Osnabrueck from above: Aerial view after Allied air raids in World War II

Osnabrueck from above: Aerial view after Allied air raids in World War II

Osnabrueck from above: Aerial view after Allied air raids in World War II

Osnabrueck from above: Aerial view after Allied air raids in World War II

Osnabrueck from above: Aerial view after Allied air raids in World War II

Osnabrueck from above: Aerial view after Allied air raids in World War II

Osnabrueck from above: Aerial view after Allied air raids in World War II


Muenster from above: Aerial view after Allied air raids in World War II

Muenster from above: Aerial view after Allied air raids in World War II

February 24, 2020

The city of Muenster in North Rhine-Westfalia was heavily garrisoned during World War II, and five large complexes of barracks are still a feature of the city. Furthermore, Muenster was the mainline railroad center between the Ruhr Area and North-West Germany. Muenster was also the headquarters for the 6th Military District of the German “Wehrmacht”. The headquarters controlled military operations in the whole Ruhr area.

Muenster was bombed on 25 October 1944 by 34 diverted B-24 Liberator bombers. About 91 % of the Old City and 63 % of the entire city was destroyed by Allied air raids. The US 17th Airborne Division attacked Muenster with the British 6th Guards Tank Brigade on 2 April 1945 in a ground assault, and fought its way into the contested city center, which was cleared in urban combat on the following day.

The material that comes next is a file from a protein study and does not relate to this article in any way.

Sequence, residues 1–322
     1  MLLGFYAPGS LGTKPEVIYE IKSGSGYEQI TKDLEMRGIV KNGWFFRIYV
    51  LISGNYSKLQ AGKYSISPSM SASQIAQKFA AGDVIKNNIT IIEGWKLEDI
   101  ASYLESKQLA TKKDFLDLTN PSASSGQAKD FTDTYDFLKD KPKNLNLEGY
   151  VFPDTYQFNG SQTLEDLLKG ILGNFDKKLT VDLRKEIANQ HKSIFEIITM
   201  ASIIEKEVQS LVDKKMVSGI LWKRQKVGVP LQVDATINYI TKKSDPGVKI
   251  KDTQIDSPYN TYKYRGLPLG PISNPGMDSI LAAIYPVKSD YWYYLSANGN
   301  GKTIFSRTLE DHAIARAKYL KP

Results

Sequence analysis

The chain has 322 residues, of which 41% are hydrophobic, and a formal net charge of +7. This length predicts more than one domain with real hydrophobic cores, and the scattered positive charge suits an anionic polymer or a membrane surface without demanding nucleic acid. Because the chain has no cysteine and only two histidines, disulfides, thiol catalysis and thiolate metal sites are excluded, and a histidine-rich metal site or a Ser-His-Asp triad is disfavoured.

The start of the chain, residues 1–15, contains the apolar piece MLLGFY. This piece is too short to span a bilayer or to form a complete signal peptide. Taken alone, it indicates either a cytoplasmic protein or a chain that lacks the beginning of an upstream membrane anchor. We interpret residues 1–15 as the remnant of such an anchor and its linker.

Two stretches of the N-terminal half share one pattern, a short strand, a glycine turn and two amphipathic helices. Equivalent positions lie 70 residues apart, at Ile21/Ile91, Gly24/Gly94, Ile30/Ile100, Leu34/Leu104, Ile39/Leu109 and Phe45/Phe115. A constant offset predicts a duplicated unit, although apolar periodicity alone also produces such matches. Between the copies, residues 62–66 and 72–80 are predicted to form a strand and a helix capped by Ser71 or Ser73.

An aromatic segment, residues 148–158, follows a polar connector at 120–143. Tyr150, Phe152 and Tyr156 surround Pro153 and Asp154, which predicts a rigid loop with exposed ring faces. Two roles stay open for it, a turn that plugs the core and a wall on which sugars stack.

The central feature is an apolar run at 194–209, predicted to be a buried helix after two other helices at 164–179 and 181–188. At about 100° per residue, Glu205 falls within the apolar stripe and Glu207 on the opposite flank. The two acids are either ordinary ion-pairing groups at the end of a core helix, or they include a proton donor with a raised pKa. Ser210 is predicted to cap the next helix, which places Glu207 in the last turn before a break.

Muenster from above: Aerial view after Allied air raids in World War II

Muenster from above: Aerial view after Allied air raids in World War II

Muenster from above: Aerial view after Allied air raids in World War II

Muenster from above: Aerial view after Allied air raids in World War II

Muenster from above: Aerial view after Allied air raids in World War II

Muenster from above: Aerial view after Allied air raids in World War II

Muenster from above: Aerial view after Allied air raids in World War II


Trolley Mission

This website tells the story of an extraordinary sightseeing tour of Germany at the end of the European War (Second World War). These “Trolley Missions” were low-level flights over Germany between 7 May 1945 and 12 May 1945. Sometimes these missions are also called “Low Level Mission”, “Low Level Tours” or “Cook’s Tours”. During these flights across Europe and Germany aerial photographs were taken showing the destruction of German cities.